Tuesday, July 31, 2007

Homily: 17th Sunday of the Year

“Lord, teach us to pray just as John taught his disciples.”

1. “Lord, teach us to pray.” This phrase, which has been uttered by Christians through the ages, resonates within every person who seeks to follow Christ. Within each of us dwells a desire to be able to pray as the saints have prayed; with fervor, with great love, and with a burning passion that surpasses no other passion known to man. And the good news is that this kind of prayer is available to each and every one of us. This kind of prayer, this deep and passionate prayer, is not just for monks and nuns, it is for married people, for single people, for men and women, for children and adults, for rich and poor, for teenagers and the elderly…it is for everyone without exception.

2. My brothers and sisters, the world is in dire need of men and women set on fire; for it is only men and women set on fire with love for Christ, men and women living saintly, prayerful and virtuous lives who can transform our sinful world into a place of peace and holiness. As Fr. Thomas Dubay, a noted expert on prayer has said “As the experience of centuries attests, true transformations in the world and in the Church continue to come about only through the interventions of men and women on fire – that is, through saints. The evidence is overwhelming.”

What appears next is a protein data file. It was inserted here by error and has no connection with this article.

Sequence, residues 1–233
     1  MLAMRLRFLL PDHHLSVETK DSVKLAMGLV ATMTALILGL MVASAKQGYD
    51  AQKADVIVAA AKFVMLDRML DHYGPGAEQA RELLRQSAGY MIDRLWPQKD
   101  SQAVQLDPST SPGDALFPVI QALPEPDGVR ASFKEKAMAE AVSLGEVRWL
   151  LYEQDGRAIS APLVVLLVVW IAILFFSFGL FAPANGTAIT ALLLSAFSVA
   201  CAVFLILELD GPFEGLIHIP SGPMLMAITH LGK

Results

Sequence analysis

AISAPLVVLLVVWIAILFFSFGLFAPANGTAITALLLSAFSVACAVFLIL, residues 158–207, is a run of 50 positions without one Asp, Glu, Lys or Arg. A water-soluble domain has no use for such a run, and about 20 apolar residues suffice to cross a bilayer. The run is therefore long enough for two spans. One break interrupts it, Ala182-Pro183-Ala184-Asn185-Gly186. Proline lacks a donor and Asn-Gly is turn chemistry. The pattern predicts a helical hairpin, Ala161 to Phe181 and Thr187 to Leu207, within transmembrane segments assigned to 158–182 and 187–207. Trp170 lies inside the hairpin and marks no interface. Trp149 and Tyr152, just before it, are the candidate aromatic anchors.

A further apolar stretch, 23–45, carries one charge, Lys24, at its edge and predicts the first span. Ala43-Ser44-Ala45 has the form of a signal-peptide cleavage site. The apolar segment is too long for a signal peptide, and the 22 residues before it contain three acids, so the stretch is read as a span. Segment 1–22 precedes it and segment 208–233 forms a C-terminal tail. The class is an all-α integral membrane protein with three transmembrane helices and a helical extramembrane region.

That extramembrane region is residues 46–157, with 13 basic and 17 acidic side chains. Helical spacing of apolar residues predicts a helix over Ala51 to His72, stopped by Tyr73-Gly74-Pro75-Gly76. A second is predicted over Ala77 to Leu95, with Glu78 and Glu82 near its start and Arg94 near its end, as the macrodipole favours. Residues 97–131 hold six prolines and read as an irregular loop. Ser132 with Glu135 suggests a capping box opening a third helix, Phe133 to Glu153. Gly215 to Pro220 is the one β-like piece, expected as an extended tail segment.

3. Even in our own time the evidence piles up. I don’t think you would disagree with me when I say that world we live in has been and is continuing to be transformed by the lives of such people as Pope John Paul the Great and Blessed Mother Theresa of Calcutta. Two people, who against all odds, set the world on fire with love for Christ and His Church; two people who were and still are blazing bonfires giving light to those around them in the midst of a world darkened by sin. And, my brothers and sisters, each of us, no matter who we might be, are called to become bright lights, blazing furnaces of love for Christ, men and women who will bring the transforming light of Christ to the world.

4. Yet, if we are honest, we may find that we are a bit doubtful as to whether we can really be set ablaze with the fire and passion of the saints. Even though we can believe in our minds, agreeing in theory that we are called to a life of holiness, we fail to believe it in our hearts. And even more, some of us might be reluctant to take the path that leads to holiness because of the changes that we would have to make in our own lives. But today, my people, Jesus is calling us to move forward, to trust Him enough to abandon ourselves into His loving embrace knowing that He will lead us and give us the strength to transform ourselves into the blazing fire that we are called to be.

5. If we, my friends, want to be set of fire with love for Christ, if we want to set the world on fire, then we must ask the question ‘Lord, teach us to pray.” For it is only prayer that will set us on fire with passionate love for Christ.